At the time of writing, March seems to be going out like a more ferocious lion than the one that roared in. While Morris men root out their thermals for St George's Day and the home-grown asparagus season, I'm bracing myself too for another round of wine-matching queries.
The fact is that Britain's most reliable green shoots can be tricky in a peculiarly smelly, leguminous way that gives many wines an unpleasant metallic tang. A classic dressing of eggy, vinegary hollandaise sauce merely beefs up the lynch-mob awaiting the wine in the glass. As for cheffy attacks of anchovies, pancetta, chilli and parmesan, don't bother to bring me my spear, for it will be blunt.
Because it is such a fleeting thing, there seems little point in doing anything to asparagus beyond briefly steaming it out of its raw state and adding no more than butter and seasoning. Many recommend sauvignon blanc as long as it isn't too trenchant, passion-fruity or spicy but for me, the perfect partner is bone-dry muscat, preferably from Alsace (Trimbach's Reserve is perfect) or the Languedoc, heartland of heady and sweet muscats which are now increasingly seen fermented to a stylish dryness (the new vintage of Domaine de Barroubio will be with us any minute). The perfume remains, and seems to absorb any green aggression from the spears and I find this also to be true of Romania's tamâioasa, (pron támmy-wássa) with its grapey freshness and the hint of background sweetness in the middle palate though the finish is dry and crisp.
That said, there does come a time in the season when asparagus overload triggers the temptation to get a bit creative. Exotic ingredients come out and caution is thrown to the winds, often with very pleasing results. The recipes below are the most frequent flyers chez moi, all the more so as they introduce the possibility of other wine styles. They also inject class, out of season, into inferior imported asparagus, chilled to within an inch of its life and with a massive carbon spoor that renders it even less digestible.
The first is a perfect symphony of seasonal ingredients, all available now. Fresh morels are not that easy to come by but I find the taste gap between the fresh and dried varieties of this particular wild mushroom to be much narrower than is the case with, say, porcini. If you haven't had a massive fresh porcino, thickly sliced and slowly fried, or grilled like a fillet steak, you haven't lived in my view. Dried morels are pricy, but less so than fresh, and packed with intense flavour so feel free to substitute. The dish does involve hollandaise, despite everything I've said, but it will be a lot more biddable if paired with a buttery chardonnay - a Pouilly-Fuissé would be a stylish bet.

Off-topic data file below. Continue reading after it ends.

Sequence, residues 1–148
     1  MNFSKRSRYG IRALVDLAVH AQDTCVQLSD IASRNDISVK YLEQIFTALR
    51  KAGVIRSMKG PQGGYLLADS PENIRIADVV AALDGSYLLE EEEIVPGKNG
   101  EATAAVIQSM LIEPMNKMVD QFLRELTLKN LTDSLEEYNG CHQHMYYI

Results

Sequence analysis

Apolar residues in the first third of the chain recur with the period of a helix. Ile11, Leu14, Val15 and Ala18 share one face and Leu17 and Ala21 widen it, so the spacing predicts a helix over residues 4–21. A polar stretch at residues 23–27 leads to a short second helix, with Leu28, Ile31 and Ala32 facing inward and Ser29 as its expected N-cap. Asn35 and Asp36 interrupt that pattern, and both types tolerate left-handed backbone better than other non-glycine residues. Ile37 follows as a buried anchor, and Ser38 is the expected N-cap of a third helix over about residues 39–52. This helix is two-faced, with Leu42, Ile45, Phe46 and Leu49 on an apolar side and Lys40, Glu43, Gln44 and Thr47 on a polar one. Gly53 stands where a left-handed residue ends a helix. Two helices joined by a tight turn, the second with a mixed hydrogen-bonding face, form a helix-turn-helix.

The second, which involves roasting the spears and serving them with salty accoutrements makes completely different demands on the wine. Here you need a bit of sweetness and a fruity, strawberryish rosé.
Asparagus, Morels and Jersey Royals with Hollandaise Sauce
Serves 4 as an elegant vegetarian main course, 6 as a starter
- 1kg asparagus, trimmed
- 250g fresh or 50g dried morel mushrooms
- 200g Jersey Royal potatoes
- 1 lemon halved
- 30g butter
- 2 egg yolks
- 250g butter, chilled and cubed
- Salt and freshly-ground pepper (white or black, to taste)
Clean the fresh morels with a stiff brush or sponge gently with a damp cloth. Do not immerse in water. Cut any large ones in half. For dried morels, rehydrate in boiling water for at least 20 minutes, and drain well through a sieve lined with kitchen paper, reserving the water for your stock-pot.
A double-boiler, with a saucepan on the bottom and steaming basket on top is useful for the next step. Fill the bottom with water, bring to the boil and add the potatoes. When they begin to yield, put the asparagus in the steaming basket on top and give it no longer than 5 minutes. Remove from the heat. Similarly, drain the potatoes which should be just tender.
Melt the butter in a frying pan and toss the mushrooms in it. Add the juice of one of the lemon halves and fry gently until all moisture has evaporated. Add the potatoes and asparagus to the pan, season well and leave to warm through on a very low heat.
Make the hollandaise. Whisk the eggs yolks with a dessertspoon of cold water in a heatproof bowl and place it in a saucepan a third-filled with simmering water. Add the butter, cube by cube, whisking continuously. Halfway through, add the juice of the remaining half-lemon and season well. As soon as all the butter is in, and the sauce looks thick and mayonnaise-like, take the bowl off the heat.
Arrange the asparagus, morels and potatoes on four plates. Drizzle over a ribbon of hollandaise and serve the rest in a sauce-boat.
Serves 4-6 as a starter, depending on greed
- 24 asparagus spears, trimmed
- 4 tbsp olive oil
- 4-6 rashers of pancetta
- Sea salt and freshly ground white pepper
- Shaved parmesan cheese, to garnish
Blanch the asparagus in boiling water for 2 minutes. Drain and refresh under a cold tap. When the spears have cooled, toss them in olive oil and season with the pepper. Go easy on the salt at this stage to take account of the ham. Gather into bundles of 4 or 6 spears and wrap each bundle with a pancetta rasher. Secure with a cocktail stick and arrange the bundles on a foil-lined baking sheet. You can do this bit in advance.
When ready to roll, preheat the oven to 220ºC/Gas 8. Roast the asparagus bundles for about 10 minutes, or until the ham is crisp and brown. The spears should be tender. Scatter with a little whole salt and garnish with shards of parmesan.
Janet Wynne Evans